The Rosendale Theatre opens to the world stage as it presents the United Kingdom’s National Theatre production of Frankenstein this Sunday, June 24. A unique retelling of Mary Shelley’s original story, Nick Dear’s contemporary play focuses on the plight of the horrific-but-sad Creature, his yearning for companionship and longing for love, who is cast into a hostile universe by his maker, Victor Frankenstein. Met with cruelty in this world, the grotesque monster loses his innocence and turns to revenge.
When it was staged last year at the Olivier Theatre in London, Michael Billington of The Guardian wrote, “…which of the two main characters is the real monster? Is it the disfigured, repulsive Creature or Frankenstein himself, with his subordination of love and friendship to the idea of creative perfection? Even when [the Creature] is driven to murder, the guilt ultimately belongs to Victor. And when the Creature rapes Victor’s bride before killing her, it is as if he is expressing his creator’s own dark, suppressed desires.”
Directed by Danny Boyle, Dear’s Frankenstein features 2012 Olivier Award Best Actor joint winners Benedict Cumberbatch and Jonny Lee Miller, who alternate the roles of Victor Frankenstein and the Creature. In fact, the play was filmed twice to give cinema audiences the opportunity to see the consummate actors in each role. Both versions will be screened at the Rosendale: one at 3 p.m. with Cumberbatch as the Creature, and one at 7:15 p.m. with Miller in that part.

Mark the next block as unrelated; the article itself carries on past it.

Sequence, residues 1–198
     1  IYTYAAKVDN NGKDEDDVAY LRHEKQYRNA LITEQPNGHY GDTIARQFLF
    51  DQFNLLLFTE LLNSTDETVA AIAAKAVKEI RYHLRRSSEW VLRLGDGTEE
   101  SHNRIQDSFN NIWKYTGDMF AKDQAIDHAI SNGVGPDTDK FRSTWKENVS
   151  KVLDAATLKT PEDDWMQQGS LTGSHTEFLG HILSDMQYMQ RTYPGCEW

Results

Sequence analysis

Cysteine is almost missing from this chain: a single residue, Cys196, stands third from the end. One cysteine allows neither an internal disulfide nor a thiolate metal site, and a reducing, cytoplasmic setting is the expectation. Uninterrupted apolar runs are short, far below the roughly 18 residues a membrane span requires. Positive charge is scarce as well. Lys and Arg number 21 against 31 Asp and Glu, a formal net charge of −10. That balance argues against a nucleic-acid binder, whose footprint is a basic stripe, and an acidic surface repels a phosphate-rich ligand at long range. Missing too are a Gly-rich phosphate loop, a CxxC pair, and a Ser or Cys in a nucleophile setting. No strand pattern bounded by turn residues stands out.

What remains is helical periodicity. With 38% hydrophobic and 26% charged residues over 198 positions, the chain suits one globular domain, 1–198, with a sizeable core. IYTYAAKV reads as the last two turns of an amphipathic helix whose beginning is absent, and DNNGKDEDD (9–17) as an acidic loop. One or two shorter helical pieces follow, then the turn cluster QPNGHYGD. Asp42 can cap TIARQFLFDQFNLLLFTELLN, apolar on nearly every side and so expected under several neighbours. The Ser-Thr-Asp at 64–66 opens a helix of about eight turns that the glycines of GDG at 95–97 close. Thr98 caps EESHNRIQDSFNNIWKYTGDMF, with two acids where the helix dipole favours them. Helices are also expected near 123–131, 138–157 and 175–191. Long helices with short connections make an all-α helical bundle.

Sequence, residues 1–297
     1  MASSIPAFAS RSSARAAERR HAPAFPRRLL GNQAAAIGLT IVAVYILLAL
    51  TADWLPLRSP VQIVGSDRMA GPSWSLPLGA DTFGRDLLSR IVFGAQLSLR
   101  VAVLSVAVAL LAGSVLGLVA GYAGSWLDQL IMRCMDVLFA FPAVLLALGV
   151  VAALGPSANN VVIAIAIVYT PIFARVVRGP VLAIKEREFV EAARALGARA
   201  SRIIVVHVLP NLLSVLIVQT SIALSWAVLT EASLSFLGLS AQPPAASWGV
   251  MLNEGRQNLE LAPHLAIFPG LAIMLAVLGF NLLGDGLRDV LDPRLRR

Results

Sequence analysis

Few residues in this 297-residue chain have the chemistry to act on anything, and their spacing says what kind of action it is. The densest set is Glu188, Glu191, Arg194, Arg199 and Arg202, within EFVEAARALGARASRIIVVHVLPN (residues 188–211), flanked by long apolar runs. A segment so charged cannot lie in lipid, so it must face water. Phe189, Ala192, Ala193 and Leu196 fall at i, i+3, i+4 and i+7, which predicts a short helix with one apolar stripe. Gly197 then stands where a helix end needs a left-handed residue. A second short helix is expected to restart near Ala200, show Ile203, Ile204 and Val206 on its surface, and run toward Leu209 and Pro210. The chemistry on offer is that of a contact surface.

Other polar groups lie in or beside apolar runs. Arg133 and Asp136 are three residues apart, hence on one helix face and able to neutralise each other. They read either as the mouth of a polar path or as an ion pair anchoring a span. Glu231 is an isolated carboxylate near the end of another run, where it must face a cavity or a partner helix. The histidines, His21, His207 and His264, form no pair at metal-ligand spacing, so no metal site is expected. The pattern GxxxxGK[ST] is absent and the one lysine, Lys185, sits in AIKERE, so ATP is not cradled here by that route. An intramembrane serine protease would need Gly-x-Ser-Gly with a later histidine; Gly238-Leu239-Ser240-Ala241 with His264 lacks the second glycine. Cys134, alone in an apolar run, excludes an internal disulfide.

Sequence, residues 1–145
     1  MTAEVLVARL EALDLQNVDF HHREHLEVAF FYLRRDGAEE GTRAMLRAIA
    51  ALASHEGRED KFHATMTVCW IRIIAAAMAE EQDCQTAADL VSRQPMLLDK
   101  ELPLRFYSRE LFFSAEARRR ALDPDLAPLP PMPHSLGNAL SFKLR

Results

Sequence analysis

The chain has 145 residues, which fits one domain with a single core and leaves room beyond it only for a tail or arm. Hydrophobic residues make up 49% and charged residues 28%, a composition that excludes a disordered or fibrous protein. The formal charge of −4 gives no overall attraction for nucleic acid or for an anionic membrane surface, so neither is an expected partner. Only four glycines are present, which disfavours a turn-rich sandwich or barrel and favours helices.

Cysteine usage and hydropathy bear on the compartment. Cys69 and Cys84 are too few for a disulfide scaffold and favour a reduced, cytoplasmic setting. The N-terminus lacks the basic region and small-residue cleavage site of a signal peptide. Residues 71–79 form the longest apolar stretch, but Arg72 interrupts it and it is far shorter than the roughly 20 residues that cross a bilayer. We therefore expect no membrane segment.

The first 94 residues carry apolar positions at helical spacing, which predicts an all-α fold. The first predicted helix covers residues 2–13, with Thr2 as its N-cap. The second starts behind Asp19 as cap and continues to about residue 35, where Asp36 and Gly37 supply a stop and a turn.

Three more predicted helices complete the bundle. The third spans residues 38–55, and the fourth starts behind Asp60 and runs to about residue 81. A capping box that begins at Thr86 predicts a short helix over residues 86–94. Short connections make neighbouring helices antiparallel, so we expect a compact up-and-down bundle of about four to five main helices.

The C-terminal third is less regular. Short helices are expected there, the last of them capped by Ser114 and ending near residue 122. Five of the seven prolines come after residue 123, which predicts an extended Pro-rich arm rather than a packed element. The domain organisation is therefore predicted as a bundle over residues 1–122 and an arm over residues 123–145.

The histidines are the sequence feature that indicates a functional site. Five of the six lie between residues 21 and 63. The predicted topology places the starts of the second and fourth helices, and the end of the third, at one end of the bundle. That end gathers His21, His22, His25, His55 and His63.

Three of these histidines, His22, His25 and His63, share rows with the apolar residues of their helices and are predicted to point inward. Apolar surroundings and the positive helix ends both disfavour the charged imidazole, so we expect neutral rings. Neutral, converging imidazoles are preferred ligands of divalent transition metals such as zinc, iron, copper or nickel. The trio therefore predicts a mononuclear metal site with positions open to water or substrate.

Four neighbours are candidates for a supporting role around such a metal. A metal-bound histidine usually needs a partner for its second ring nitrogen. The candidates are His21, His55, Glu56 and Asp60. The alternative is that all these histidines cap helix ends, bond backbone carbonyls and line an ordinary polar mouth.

In his review, Billington points to themes of scientific responsibility, parental neglect, cognitive development and the nature of good and evil in this deeply disturbing classic Gothic tale (not recommended for children, by the way). He quotes the Creature: “Slowly I learnt the ways of humans: how to ruin, how to hate, how to debase, how to humiliate. And at the feet of my master I learnt the highest of human skills, the skill no other creature owns: I finally learnt how to lie.”
The Rosendale Theatre presents monthly broadcasts from the National Theatre in London, which stages and films over 20 productions a year: a mix of new plays and classics, with up to six productions in repertory at any one time. Making them available to theatres worldwide, it aims to reenergize the great traditions of the British stage and to expand the horizons of audiences and artists alike.
Tickets for both screenings cost $12 for general admission and $10 for members. The running time for each is two hours, with no intermission. The Rosendale Theatre is located at 408 Main Street in Rosendale. For more information call (845) 658-8989 or visit www.rosendaletheatre.org.